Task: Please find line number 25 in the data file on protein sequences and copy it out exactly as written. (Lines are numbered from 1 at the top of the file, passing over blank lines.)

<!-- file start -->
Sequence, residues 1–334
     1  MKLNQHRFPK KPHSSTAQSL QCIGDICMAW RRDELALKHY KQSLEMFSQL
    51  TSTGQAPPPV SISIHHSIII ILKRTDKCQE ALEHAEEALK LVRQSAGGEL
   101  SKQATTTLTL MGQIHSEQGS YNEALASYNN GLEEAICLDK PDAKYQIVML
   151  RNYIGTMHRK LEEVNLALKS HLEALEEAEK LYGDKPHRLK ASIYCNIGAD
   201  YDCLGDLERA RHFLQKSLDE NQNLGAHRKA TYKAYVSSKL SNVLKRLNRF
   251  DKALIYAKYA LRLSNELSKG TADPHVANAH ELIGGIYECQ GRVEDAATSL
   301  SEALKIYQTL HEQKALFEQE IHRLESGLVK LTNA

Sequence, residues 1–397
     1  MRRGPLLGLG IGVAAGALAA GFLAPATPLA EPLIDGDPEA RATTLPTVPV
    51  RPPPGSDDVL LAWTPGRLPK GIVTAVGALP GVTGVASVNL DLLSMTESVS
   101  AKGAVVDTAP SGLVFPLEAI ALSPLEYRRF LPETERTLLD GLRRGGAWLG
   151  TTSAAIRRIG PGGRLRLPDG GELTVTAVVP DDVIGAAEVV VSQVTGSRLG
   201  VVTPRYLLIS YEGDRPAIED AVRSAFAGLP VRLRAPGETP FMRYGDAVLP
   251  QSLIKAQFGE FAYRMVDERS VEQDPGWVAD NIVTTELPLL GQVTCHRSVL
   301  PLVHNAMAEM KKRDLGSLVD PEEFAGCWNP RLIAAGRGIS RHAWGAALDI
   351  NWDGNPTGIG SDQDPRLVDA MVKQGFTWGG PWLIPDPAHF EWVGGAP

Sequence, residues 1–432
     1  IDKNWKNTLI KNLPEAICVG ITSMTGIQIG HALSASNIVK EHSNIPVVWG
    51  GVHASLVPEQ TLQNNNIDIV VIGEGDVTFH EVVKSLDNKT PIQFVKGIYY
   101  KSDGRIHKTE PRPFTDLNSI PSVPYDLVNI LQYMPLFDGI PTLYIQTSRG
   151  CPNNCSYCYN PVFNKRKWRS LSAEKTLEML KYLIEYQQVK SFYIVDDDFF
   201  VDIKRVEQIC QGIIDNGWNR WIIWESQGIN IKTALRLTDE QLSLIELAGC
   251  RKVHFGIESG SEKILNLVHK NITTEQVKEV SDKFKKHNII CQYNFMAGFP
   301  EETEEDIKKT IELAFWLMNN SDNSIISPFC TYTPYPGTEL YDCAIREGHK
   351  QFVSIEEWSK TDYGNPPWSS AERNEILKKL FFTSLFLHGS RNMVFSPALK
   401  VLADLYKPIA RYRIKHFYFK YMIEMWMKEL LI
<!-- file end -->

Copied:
   301  EETEEDIKKT IELAFWLMNN SDNSIISPFC TYTPYPGTEL YDCAIREGHK